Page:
A wide variety of internet-connected “smart”
devices now promise consumers and
businesses improved performance, convenience,
efficiency, and fun. Within this
broader Internet of Things (IoT) lies a growing
industry of devices that monitor the human body,
collect health and other personal information, and
transmit that data over the internet. We refer to these
emerging technologies and the data they collect as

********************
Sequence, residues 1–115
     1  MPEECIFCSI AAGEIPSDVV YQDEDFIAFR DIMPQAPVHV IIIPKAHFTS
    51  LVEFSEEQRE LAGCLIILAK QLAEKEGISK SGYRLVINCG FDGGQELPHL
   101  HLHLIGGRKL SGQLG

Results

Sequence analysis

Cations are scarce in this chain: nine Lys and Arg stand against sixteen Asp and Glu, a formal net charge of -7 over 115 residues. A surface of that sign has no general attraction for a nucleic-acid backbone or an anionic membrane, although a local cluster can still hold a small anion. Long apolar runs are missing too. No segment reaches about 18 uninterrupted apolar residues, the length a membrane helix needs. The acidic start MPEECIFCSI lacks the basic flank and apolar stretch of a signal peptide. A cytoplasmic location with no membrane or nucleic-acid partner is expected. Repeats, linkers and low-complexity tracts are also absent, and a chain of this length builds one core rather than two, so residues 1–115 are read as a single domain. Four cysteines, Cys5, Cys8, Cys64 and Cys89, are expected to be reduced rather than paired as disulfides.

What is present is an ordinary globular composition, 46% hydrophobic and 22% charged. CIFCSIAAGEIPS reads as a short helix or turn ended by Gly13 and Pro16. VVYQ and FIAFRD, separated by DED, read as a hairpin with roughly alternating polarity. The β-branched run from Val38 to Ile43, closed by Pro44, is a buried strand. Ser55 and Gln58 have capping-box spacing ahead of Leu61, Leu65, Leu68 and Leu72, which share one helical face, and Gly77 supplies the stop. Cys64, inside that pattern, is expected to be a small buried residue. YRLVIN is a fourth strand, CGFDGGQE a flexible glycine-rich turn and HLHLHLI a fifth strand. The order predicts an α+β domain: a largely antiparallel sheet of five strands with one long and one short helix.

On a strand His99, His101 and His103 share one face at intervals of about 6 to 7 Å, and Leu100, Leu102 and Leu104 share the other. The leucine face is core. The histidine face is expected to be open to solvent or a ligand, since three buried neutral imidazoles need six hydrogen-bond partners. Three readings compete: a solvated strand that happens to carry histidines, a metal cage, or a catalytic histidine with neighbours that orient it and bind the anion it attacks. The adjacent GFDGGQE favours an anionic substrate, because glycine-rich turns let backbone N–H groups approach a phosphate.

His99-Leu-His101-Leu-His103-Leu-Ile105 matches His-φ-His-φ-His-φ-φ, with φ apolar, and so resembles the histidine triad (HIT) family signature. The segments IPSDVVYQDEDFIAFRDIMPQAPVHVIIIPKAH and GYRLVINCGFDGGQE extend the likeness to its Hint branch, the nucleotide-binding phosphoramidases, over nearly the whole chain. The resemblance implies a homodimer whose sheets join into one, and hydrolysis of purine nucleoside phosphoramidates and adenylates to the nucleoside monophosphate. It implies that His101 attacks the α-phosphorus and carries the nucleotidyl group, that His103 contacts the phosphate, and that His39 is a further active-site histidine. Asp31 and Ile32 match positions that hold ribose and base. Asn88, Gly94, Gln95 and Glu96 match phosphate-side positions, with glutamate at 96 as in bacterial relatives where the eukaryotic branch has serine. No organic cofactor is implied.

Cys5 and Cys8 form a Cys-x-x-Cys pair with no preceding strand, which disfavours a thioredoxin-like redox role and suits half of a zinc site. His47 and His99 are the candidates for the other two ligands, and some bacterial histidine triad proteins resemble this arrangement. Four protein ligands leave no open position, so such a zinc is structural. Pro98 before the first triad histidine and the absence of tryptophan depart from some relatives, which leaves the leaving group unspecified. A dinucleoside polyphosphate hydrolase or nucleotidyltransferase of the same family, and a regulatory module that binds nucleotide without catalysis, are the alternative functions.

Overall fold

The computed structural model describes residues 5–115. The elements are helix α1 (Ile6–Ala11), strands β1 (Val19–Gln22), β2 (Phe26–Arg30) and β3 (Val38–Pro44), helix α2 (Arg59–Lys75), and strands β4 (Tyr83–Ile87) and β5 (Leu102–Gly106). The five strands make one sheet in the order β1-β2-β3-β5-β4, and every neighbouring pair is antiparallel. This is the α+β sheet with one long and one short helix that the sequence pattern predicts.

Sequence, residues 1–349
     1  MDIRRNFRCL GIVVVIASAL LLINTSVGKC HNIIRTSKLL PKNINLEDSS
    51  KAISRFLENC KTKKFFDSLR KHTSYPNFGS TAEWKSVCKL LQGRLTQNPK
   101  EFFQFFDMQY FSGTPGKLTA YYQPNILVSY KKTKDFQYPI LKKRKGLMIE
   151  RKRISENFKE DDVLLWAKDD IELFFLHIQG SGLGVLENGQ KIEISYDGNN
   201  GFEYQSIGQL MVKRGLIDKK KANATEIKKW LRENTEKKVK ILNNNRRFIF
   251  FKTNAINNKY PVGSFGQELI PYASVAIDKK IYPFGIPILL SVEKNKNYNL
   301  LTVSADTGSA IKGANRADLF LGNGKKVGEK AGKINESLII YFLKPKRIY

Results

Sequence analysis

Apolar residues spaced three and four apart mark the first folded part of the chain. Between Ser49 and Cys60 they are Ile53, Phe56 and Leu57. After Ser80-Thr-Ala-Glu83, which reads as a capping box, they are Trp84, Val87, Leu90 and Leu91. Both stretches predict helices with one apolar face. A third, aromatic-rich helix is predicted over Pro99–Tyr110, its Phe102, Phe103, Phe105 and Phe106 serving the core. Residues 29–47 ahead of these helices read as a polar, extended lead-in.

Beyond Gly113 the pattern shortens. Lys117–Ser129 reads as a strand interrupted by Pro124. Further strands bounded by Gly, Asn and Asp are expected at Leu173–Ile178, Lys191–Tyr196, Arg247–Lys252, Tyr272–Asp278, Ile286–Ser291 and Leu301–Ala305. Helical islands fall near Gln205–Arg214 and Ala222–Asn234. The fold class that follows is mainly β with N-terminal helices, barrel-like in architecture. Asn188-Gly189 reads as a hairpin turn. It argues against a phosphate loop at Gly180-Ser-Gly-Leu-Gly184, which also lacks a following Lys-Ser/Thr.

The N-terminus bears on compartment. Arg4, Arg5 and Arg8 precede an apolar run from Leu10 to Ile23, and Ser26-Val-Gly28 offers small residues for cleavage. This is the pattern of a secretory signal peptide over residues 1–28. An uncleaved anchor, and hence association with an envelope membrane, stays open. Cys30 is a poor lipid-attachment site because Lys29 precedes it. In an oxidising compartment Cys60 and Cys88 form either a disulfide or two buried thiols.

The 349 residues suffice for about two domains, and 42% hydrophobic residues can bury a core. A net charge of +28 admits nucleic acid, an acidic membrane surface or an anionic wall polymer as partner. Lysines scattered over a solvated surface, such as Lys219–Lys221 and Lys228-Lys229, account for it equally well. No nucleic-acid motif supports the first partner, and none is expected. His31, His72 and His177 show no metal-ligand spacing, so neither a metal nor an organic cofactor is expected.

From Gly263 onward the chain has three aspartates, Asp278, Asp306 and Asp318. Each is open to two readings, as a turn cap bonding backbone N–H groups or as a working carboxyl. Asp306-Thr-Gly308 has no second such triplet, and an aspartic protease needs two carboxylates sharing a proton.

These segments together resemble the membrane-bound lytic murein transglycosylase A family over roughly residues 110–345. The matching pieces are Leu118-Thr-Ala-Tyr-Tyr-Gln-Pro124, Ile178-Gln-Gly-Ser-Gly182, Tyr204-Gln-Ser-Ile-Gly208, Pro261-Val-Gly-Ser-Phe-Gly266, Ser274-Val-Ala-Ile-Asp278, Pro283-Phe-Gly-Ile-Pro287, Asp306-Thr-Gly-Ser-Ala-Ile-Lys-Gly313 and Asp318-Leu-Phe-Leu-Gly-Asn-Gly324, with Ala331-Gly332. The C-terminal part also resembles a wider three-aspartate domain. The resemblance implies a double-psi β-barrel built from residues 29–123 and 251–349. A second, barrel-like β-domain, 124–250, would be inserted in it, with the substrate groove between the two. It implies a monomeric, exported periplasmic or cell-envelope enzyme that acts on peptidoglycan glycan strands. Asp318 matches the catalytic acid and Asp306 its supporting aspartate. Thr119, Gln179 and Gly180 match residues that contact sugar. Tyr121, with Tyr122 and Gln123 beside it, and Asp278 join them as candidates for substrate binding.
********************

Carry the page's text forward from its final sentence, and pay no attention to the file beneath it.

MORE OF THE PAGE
the Internet of Bodies (IoB) (see, for example, Neal,
2014; Lee, 2018), a term first applied to law and policy
in 2016 by law and engineering professor Andrea M.
Matwyshyn (Atlantic Council, 2017; Matwyshyn,
2016; Matwyshyn, 2018; Matawyshyn, 2019).

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